So that’s a few black hat techniques on the surface. Now that list isn’t by any means conclusive. There are hundreds of techniques people use to try and game the system. I guess the rule of thumb is write for the user. Don’t try to do anything to game Google because the quick wins won’t be worth it in the long run, and you will suffer a ranking penalty if you get caught. White hat techniques are the way to achieve natural rankings, and continue doing that will mean you will continue staying in the rankings and Google will continue to value your site.

Thanks very much for watching. If you want to find out more about Koozai, please interact with the social media buttons after this video, and thank you for watching.

Emma North

Emma North

Emma has more than 5 years’ digital marketing experience and has worked on dozens of websites in a wide range of industries. She has a passion for both SEO and PPC and is driven by the need to develop her digital skills and knowledge. She is always exploring innovative solutions for new problems encountered in the ever-changing digital world.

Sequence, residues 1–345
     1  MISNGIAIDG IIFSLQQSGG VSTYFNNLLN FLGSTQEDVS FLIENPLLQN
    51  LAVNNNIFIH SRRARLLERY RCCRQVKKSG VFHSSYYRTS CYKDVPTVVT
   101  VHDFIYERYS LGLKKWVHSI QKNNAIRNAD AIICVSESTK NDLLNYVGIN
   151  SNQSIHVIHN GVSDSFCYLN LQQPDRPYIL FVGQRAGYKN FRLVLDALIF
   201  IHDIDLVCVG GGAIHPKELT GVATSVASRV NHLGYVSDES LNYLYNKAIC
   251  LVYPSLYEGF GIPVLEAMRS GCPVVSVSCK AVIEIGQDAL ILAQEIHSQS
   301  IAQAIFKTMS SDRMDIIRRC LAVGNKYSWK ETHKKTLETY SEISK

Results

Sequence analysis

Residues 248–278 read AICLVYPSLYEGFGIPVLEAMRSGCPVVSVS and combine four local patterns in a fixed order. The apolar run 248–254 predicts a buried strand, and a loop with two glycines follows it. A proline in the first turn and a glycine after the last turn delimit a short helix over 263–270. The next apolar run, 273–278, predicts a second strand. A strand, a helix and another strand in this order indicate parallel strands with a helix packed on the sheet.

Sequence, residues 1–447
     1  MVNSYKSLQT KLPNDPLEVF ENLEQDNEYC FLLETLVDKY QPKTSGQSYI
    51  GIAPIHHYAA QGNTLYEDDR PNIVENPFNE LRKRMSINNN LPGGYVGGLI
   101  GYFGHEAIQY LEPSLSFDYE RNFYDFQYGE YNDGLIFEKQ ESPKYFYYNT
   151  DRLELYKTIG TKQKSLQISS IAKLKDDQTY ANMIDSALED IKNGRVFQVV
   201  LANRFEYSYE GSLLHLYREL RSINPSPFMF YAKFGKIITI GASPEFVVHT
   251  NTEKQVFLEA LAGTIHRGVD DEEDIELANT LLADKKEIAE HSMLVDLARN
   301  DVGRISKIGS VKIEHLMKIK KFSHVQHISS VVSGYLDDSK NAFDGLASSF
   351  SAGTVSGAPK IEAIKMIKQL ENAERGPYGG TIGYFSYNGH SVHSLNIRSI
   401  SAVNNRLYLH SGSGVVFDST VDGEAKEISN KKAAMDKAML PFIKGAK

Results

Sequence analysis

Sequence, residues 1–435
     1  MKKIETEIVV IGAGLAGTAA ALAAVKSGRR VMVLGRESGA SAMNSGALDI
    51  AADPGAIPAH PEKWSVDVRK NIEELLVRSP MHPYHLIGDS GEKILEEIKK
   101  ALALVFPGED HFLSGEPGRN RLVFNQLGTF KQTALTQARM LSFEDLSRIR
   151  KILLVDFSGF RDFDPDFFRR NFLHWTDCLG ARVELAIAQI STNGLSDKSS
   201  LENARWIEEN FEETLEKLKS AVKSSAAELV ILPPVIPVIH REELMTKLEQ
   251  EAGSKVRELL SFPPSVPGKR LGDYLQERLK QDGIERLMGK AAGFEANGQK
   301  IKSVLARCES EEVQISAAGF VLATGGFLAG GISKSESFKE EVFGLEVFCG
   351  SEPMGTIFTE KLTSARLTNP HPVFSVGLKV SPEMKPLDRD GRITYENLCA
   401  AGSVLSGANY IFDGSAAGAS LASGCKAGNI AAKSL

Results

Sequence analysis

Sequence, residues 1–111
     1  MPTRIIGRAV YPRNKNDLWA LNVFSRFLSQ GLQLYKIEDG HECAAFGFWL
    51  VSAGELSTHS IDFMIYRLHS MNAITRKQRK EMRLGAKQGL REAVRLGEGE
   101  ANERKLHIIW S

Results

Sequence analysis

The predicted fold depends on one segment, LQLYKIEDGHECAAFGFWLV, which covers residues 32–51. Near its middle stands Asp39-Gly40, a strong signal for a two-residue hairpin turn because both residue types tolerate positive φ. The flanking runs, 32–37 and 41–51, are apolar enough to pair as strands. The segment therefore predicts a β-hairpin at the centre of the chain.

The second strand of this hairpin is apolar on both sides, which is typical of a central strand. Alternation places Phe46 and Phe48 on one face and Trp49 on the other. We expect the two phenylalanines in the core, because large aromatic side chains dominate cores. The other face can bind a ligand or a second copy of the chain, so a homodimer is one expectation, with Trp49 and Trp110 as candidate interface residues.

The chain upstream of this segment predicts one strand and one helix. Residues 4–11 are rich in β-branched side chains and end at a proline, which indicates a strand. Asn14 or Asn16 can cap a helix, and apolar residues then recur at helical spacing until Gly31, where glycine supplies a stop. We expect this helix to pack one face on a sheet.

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  • IrishWonder 23rd January 2013

    Thanks for talking about blackhat and whitehat without moralising and calling anybody names and throwing around words like “unethical” etc. However, technically speaking, there is no whitehat per se as long as you’re actually doing something to get a site to rank rather than telling a client how whitehat and Google-friendly you are. Quoting Google’s Webmaster Guidelines: “Avoid tricks intended to improve search engine rankings”. There we go.

    As for the actual techniques… It’s all fine but probably doesn’t make sense putting everything into one heap. Like, there are paid links and paid links. What if you’re paying for a link for the sake of traffic it gets you and you get even more traffic from it that you would from Google no matter how well it ranks you? Removing a link like that would be shooting yourself in the foot, right?

    As for doorway pages: their actual purpose is not to hide content from the users, it is to drive traffic to your money site. Doorway pages by any other name… think of niche minisites and you’ll see that they are still very much in use and depending on the actual implementation, may as well be quite legitimate.